POSTED: 01:30 a.m. HST, Jun 15, 2010
LAST UPDATED: 07:41 p.m. HST, Jul 09, 2010
Some Hawaii households are still without free, over-the-air television, a year and a half after the January 2009 analog-to-digital conversion.
The exact number of Hawaii homes that lost TV service or were left with only partial service following the transition is unknown. However, the Star-Advertiser continues to receive inquiries from viewers left without one or more channels.
The DTV conversion team at the Federal Communications Commission has been dissolved, and Lyle Ishida, the FCC's DTV point man for Hawaii, has been assigned to broadband matters, he said.
One area known to broadcasters and regulators to be over-the-air-TV-free is a pie-shaped area in the terrain-shielded shadow of the Ulupalakua, Maui, broadcast tower. The area, including Haiku, lost reception in a government-mandated move of broadcasters' long-standing towers from a superior location atop Haleakala.
Engineering studies conducted prior to the conversion revealed the problem areas including the Haiku vicinity, "but we were forced to move to the lower location," said Mike Rosenberg, president and general manager of KITV. He led the consortium of broadcasters with transmission facilities formerly mounted atop the Maui mountain.
Back on Oahu, pockets of Honolulu and Central Oahu, to name two areas, are missing out on at least some broadcast channels.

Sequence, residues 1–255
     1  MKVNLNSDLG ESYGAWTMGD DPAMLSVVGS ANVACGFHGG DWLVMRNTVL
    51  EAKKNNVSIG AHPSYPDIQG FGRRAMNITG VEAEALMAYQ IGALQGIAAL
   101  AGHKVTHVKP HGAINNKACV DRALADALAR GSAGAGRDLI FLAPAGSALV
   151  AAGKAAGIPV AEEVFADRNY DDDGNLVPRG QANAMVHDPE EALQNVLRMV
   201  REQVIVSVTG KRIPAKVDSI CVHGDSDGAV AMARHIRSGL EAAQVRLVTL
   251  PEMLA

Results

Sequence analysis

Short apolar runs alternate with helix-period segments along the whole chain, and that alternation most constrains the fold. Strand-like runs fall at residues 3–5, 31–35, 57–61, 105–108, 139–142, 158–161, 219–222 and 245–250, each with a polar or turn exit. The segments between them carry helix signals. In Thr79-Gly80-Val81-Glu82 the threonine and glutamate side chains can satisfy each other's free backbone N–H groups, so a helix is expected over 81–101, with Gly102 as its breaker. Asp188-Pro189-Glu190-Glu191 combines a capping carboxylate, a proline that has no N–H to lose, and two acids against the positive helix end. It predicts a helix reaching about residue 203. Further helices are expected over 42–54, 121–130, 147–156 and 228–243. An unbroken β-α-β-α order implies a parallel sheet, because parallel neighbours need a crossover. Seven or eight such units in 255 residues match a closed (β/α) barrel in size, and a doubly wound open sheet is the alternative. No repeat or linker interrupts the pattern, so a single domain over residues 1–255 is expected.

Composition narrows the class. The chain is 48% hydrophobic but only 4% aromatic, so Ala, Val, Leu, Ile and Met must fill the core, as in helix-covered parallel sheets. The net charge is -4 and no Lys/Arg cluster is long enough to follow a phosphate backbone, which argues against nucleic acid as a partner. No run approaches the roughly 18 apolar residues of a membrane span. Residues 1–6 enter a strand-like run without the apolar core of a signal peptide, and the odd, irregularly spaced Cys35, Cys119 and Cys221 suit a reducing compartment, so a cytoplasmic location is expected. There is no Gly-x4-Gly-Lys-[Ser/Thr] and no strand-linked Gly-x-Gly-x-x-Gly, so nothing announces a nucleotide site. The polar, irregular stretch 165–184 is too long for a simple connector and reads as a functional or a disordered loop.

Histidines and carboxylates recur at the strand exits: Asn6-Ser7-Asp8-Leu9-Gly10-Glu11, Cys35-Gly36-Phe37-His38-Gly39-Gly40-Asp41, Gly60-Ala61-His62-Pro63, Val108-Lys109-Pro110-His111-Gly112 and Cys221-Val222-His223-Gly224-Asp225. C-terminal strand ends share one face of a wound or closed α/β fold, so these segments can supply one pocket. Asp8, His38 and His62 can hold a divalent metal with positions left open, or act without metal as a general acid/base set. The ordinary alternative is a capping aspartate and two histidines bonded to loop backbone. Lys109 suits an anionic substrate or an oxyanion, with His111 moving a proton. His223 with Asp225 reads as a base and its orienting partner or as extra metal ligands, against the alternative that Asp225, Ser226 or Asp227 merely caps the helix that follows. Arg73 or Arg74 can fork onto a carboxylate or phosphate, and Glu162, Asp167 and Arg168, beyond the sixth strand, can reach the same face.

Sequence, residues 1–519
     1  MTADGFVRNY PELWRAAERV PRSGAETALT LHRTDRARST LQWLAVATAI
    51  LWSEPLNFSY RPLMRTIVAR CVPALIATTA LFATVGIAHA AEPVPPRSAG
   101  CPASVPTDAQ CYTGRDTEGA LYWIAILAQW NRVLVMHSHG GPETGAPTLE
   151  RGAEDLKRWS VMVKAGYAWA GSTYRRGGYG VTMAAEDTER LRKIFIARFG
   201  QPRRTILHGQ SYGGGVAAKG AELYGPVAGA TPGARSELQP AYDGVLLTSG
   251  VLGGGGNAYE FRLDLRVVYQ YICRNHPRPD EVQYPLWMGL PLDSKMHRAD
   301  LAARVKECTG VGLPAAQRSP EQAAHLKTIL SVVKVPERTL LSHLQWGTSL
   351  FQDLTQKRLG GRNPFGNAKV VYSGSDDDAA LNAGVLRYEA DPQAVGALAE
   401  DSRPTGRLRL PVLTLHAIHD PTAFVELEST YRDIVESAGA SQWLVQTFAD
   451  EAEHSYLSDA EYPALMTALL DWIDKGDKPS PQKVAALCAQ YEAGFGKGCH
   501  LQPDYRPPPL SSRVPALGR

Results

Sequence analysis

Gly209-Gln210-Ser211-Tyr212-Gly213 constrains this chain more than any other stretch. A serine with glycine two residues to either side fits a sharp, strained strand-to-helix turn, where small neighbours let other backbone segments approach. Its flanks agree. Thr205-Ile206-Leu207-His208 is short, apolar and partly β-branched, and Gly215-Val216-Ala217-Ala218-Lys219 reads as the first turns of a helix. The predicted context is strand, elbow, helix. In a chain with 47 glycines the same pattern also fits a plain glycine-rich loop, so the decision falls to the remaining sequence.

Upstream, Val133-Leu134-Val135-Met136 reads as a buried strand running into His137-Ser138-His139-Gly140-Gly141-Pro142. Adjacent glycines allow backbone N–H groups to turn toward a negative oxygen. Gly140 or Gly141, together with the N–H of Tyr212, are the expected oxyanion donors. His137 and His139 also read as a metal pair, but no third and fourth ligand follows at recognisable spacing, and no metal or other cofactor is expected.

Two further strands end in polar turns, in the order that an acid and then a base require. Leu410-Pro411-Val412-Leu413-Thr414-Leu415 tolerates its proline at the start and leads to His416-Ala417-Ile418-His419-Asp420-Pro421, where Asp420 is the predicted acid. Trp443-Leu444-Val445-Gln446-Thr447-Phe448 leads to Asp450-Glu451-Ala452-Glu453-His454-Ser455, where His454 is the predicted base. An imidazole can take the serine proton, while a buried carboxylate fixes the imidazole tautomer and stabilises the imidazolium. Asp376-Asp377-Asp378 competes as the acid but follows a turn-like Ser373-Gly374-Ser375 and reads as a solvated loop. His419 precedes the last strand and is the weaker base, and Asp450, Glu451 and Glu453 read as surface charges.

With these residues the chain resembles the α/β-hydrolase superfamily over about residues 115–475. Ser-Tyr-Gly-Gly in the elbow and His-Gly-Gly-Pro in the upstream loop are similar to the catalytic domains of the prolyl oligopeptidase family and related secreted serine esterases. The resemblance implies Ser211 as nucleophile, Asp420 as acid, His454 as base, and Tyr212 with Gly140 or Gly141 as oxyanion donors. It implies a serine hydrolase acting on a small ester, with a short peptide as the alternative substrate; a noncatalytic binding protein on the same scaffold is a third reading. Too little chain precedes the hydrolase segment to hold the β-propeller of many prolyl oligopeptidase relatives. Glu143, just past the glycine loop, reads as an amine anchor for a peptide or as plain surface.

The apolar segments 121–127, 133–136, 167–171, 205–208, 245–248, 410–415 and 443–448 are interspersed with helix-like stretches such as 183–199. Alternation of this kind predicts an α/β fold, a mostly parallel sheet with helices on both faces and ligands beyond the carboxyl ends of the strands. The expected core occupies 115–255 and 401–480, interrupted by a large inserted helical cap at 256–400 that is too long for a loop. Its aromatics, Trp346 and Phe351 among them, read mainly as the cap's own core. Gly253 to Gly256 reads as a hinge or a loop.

Kapahulu viewer Rendy Chow is unable to receive KGMB-TV. "Before, I could catch Channel 5, but now I can't catch Channel 9," she said.
Many Oahu homes were left without KHNL-TV and KFVE-TV (Channels 8 and 5) after the January transition because of the low elevation of the stations' transmitters.
"We moved KHNL's and KFVE's transmitters to a higher elevation up on Palehua Ridge and moved KGMB to Palehua Ridge" around the end of last year, said Keith Aotaki, director of engineering for the three stations known collectively as Hawaii Now.
On Oahu, reception of Hawaii Now's digital TV signals "depends on the person's proximity and sightline to the west range. You've gotta be able to see the Waianaes," he said.
Conversely, a viewer whose residence is oriented toward downtown should receive KITV and KHON clearly, as their transmitters are in town. That is, unless a building or errant tree is blocking the signal from getting to the antenna on the digital TV or for an analog TV, the converter box.
KGMB engineers "made house calls" to help residents rectify their lack-of-signal issues, said Rick Blangiardi, vice president and general manager. "And we made them from Kaimuki to Mililani."
Neither he nor his engineering staff has received a call in months, he said.
"Honest to God, I'll respond to anybody that's still having a signal problem," Blangiardi said. "We want people to be able to see us."
Subscription to pay-TV services such as Oceanic Time Warner Cable ($13.31), DISH Network ($24.99) or DirecTV ($29.99) would bring the broadcast channels and more into homes that lost service, but that is a budgetary decision Chow and others have not chosen to make.
Satellite TV installer Jason Gardner of The Satellite Guy has seen an increase in subscribers and service upgrades during the recession as people cut back on entertainment outside the home. Both satellite TV services have limited-time offers that include either 120 or 210 channels and "free HD for life," he said. The much cheaper bare-bones, basic package offered by Oceanic Time Warner Cable offers 21 channels and an on-screen program guide.